Goodwill should not be a ‘wasting asset’

BVWire–UKIssue #7-1
October 1, 2019

goodwill, goodwill impairment, impairment testing, intangible

Goodwill has resurfaced as a valuation topic globally this year, so much so that the IVSC’s first article on the subject, ‘Is Goodwill a Wasting Asset?’ has been downloaded thousands of times already. The IVSC plans two more articles on this subject due later this fall. BVWire—UK highly recommends this thoughtful first analysis, available free.

BVWire—UK’s discussions with many business valuers indicate that many in the profession think proposed changes to acquisition accounting are bad for investors, the clarity of financial reporting, and even the integrity of the audit process. There’s also suspicion in some circles that the changes are motivated by a desire of the auditors at the Big Four to do less work, particularly as they absorb changes in leasehold accounting and elsewhere required by new IFRS schemes effective this year.

From the valuation profession, there are serious concerns that the concept of amortisation of goodwill (rather than impairment testing) is not compatible with the principals of business valuation. As simply stated in the IVSC discussion paper, ‘If one were to assume goodwill is a finite lived and wasting asset, it would be inconsistent with the premise of going concern inherent in the consideration paid to acquire nearly all businesses’ (the IVSC sees one possible exception being businesses comprised nearly entirely of tangible assets).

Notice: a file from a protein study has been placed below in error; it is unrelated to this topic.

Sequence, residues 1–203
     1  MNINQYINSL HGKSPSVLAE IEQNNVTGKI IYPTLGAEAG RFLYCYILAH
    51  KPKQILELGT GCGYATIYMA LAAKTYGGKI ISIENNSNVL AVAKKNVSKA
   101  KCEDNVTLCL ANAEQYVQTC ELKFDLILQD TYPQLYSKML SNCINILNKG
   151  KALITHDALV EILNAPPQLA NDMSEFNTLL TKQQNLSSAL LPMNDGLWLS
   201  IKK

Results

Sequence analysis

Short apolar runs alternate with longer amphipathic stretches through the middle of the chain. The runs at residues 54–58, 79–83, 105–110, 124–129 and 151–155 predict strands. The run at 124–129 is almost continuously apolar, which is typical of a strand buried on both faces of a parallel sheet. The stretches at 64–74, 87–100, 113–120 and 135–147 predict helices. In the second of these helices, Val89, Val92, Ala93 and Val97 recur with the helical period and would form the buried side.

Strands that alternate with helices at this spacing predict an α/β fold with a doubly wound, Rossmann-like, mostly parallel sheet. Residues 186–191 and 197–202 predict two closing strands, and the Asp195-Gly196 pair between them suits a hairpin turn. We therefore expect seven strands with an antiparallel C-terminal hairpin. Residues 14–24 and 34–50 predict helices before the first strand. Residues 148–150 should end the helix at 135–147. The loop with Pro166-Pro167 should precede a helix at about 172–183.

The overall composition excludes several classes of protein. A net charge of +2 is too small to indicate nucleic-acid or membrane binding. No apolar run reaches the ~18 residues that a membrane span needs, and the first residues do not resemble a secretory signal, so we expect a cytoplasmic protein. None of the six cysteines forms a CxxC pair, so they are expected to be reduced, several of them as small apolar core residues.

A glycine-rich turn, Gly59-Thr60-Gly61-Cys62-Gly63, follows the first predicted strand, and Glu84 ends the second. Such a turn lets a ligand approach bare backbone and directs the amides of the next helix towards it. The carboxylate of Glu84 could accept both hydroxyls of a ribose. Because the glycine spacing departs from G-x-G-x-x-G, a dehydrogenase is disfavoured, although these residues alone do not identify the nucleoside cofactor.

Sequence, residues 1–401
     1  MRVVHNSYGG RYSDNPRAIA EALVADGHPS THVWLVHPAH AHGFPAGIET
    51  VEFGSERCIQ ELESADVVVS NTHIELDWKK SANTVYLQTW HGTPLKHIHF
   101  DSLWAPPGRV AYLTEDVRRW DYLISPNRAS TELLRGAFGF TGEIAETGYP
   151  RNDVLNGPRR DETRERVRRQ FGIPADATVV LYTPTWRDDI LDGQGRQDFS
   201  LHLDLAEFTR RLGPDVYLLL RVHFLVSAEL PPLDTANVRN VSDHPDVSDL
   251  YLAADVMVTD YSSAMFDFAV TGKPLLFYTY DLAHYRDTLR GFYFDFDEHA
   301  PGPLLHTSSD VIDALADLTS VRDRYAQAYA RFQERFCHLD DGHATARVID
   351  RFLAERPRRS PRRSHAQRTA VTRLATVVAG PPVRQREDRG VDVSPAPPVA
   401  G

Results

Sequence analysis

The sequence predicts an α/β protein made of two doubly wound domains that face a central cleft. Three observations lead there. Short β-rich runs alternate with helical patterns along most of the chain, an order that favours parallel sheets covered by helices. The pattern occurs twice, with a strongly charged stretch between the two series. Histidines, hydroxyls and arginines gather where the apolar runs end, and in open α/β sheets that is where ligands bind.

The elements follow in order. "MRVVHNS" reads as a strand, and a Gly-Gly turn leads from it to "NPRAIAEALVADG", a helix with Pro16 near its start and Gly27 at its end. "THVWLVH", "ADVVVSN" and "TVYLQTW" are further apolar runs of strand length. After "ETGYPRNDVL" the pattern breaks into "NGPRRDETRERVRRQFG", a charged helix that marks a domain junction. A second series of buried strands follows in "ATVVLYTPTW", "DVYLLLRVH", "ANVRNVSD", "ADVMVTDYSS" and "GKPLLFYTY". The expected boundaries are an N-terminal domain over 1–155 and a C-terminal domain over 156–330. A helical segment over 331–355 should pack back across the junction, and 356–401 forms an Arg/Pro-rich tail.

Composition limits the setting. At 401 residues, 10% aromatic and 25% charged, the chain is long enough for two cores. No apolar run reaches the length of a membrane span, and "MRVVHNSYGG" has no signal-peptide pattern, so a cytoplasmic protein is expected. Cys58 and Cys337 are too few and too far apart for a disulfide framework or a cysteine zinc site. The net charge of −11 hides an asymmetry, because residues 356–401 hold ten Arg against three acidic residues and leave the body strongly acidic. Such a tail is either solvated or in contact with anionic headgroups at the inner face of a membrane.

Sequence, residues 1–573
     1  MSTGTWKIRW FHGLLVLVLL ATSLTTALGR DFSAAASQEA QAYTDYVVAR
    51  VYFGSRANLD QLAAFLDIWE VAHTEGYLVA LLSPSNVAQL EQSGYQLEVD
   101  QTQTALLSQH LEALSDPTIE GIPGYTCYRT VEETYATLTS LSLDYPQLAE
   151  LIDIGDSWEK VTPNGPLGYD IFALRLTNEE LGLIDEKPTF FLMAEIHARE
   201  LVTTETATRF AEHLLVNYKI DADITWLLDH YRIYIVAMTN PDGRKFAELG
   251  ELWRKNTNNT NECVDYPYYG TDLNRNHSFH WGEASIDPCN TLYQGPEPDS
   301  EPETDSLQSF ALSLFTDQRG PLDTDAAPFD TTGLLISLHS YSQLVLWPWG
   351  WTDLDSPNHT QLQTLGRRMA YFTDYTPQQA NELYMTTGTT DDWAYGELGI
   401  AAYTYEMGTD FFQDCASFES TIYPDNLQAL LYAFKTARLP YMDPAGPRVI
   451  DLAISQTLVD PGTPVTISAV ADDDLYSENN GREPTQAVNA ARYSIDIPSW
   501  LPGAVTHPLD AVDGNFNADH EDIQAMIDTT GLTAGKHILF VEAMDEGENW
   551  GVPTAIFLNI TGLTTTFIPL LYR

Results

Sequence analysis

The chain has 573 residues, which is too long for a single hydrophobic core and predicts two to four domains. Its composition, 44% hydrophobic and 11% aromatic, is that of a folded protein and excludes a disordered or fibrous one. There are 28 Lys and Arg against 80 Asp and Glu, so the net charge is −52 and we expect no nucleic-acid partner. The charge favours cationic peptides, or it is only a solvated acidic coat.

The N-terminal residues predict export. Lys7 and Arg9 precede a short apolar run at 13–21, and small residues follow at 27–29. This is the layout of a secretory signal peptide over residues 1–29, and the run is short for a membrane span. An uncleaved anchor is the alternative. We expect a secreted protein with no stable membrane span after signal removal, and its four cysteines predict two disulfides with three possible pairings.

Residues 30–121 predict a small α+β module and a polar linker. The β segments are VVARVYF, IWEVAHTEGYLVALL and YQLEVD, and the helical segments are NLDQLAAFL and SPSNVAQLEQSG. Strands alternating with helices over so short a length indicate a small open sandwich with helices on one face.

BVWire—UK has heard less polite comments on the contradictions inherent in amortising goodwill. Some complaints:

  • Acquired assets assigned to goodwill will be the only amortised asset (‘why not amortise the Apple stock you bought last month?’ one business valuer asked).
  • Amortisation assumes a finite life of acquisitions, such as 15 years. Several of our readers have commented that there’s nowhere else in valuation or finance theory where assets have finite lives.
  • The users of financial statements aren’t asking for this change, and in fact many are concerned that this step removes a valuable ‘early warning’ sign for investors concerned about problem acquisitions. It’s noteworthy that the CFA Institute is responding to international accounting standards-setters and the U.S. FASB with the position that their members (the investors) depend on current systems of acquisition asset impairment testing.
  • The discipline required to review acquisitions with an eye toward potential impairment is beneficial to corporate leadership. One BVWire—UK reader who works for one of the largest audit firms said she feels that impairment testing issues bring nonfinancial executives into the audit process, creating valuable alignment.
  • Business valuation, built on its assumptions of ‘going concern’ and ‘terminal value,’ looks longer term, which counters the prevailing tendencies that often focus on the most recent quarterly report. Amortising goodwill would eliminate this balance between short-term goals and strategic results.
  • Synergies in acquisitions often appear in the goodwill allocation. But no analyst looks at a deal and thinks that synergies will sunset. ‘If you project a 2% cost savings, that synergistic benefit will continue indefinitely. They don’t go away and they aren’t finite lived,’ one valuer told BVWire—UK. They continue into perpetuity.
  • It appears that the debt issuers—whether banks or private capital—generally support continuing the current practice of testing assets.
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